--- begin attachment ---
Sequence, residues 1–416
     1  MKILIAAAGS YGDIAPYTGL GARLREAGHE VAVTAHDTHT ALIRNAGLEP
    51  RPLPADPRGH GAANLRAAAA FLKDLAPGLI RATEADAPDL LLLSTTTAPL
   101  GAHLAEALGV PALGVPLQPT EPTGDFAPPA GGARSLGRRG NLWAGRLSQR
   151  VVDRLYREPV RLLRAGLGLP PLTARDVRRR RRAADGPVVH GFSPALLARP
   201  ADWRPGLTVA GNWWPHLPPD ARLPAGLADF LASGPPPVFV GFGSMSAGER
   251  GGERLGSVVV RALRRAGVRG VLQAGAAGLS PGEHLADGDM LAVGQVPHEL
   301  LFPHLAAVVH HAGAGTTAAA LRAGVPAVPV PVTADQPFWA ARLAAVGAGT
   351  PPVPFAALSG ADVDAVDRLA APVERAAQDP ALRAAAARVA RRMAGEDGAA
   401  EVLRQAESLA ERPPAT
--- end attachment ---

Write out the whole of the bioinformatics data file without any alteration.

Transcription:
Sequence, residues 1–416
     1  MKILIAAAGS YGDIAPYTGL GARLREAGHE VAVTAHDTHT ALIRNAGLEP
    51  RPLPADPRGH GAANLRAAAA FLKDLAPGLI RATEADAPDL LLLSTTTAPL
   101  GAHLAEALGV PALGVPLQPT EPTGDFAPPA GGARSLGRRG NLWAGRLSQR
   151  VVDRLYREPV RLLRAGLGLP PLTARDVRRR RRAADGPVVH GFSPALLARP
   201  ADWRPGLTVA GNWWPHLPPD ARLPAGLADF LASGPPPVFV GFGSMSAGER
   251  GGERLGSVVV RALRRAGVRG VLQAGAAGLS PGEHLADGDM LAVGQVPHEL
   301  LFPHLAAVVH HAGAGTTAAA LRAGVPAVPV PVTADQPFWA ARLAAVGAGT
   351  PPVPFAALSG ADVDAVDRLA APVERAAQDP ALRAAAARVA RRMAGEDGAA
   401  EVLRQAESLA ERPPAT